|if by chance [casomai] (2003)|
director: alessandro d’alatri
stefania rocca, fabio vola, gennaro nunziante
The most shocking thing about Alessandro D’Alatri’s If By Chance is its opening scene, a wedding in a country church with an unusually confrontational priest. It’s not that the priest is so eager to depart from the scripted mass and prod the guests with provocative statements about fidelity and the lifespan of modern marriages, but the clear sense that he’s a good guy, the conscience of the film, and the narrative device that holds it all together.
After years of films that poke fun at the church for its flaws and failings - especially in a Catholic country like Italy - it’s a shock to see the church portrayed so positively, if a bit unconventionally. It’s important to keep this in mind since D’Alatri’s film is a passionate plea for marriage and fidelity, and the obligation of a couple to overcome obstacles, even painful ones, like cheating. In this day and age, it might actually be a radical message.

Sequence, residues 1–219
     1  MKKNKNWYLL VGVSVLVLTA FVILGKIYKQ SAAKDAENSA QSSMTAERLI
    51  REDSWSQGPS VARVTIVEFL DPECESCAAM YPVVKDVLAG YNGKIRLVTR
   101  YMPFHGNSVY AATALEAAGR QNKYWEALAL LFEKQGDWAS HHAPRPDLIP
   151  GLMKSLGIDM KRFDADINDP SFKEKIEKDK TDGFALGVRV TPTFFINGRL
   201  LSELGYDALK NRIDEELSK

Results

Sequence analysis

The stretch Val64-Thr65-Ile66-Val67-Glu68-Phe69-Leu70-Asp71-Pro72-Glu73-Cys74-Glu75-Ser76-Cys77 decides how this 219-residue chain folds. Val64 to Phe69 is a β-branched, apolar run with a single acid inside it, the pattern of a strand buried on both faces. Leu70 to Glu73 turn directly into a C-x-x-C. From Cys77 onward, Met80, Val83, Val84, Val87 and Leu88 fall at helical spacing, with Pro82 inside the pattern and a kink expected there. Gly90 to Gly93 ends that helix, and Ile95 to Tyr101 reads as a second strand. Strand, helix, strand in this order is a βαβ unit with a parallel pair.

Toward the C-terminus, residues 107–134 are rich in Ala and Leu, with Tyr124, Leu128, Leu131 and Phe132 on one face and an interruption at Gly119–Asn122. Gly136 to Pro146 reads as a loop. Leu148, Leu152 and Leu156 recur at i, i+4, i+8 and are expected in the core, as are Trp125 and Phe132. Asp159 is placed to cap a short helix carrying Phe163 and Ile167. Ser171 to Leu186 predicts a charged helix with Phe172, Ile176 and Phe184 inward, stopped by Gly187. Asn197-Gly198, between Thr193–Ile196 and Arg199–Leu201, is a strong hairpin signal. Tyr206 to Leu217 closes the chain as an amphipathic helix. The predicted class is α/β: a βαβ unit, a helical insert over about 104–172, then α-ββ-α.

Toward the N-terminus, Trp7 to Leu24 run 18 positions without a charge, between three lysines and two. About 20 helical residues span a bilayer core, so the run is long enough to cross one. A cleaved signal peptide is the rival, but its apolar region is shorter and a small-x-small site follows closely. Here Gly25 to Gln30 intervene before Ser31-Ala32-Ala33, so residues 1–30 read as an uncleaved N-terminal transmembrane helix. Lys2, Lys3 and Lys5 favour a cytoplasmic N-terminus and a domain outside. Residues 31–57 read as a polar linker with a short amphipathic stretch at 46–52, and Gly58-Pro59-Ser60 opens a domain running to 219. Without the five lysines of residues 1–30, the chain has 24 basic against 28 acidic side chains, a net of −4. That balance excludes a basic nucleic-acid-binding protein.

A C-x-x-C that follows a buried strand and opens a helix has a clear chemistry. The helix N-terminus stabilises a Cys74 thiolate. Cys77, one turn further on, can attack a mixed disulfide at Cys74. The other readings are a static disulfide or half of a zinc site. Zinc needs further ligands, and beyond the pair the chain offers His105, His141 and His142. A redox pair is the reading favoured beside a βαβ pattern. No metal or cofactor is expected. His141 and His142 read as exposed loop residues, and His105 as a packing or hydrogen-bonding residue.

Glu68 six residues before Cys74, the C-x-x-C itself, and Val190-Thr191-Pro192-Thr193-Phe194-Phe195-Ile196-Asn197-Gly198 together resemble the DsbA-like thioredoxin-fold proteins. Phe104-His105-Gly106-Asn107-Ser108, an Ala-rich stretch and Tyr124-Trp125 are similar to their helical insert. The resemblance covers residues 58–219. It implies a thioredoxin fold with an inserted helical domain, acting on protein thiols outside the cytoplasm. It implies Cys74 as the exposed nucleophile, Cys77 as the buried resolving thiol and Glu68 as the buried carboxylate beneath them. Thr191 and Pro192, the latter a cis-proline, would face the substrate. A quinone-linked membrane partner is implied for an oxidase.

The couple in question, Stefania (Stefania Rocca) and Tomasso (Fabio Volo), are modern people, with jobs in fashion and advertising and a large group of mutual friends who form a vast, extended family. We see them from their first meeting, through courtship, marriage, parenthood and, ultimately, through to a painful separation, at which point the film doubles back to the church, and the priest, and his insistent question: How do you make a marriage work?
If the message of the film sounds traditional, D’Alatri tells it using as modern a style as possible, with computer graphics and slick, commercial-derived imagery to give some sense of the speed and pressure of Stefania and Tomasso’s lives. It would be easy to deputize some grim cliché of a soulless, materially-obsessed “modern world” as the villain, but D’Alatri shifts his focus onto their friends and family, most of whom have become so internalized the message that marriage is temporary and relationships easily abandoned that they drive the couple apart instead of helping them when things get tough.
D’Alatri and the couple keep returning to a gauzy image of figure skaters to represent a marriage, and while the image is undeniably corny, it’s worth considering that laughing at it is precisely what destroys Stefania and Tomasso’s life. It’s a sobering thought that lingers gnawingly at the end of a film that’s too easy to dismiss as romantic wish fulfillment.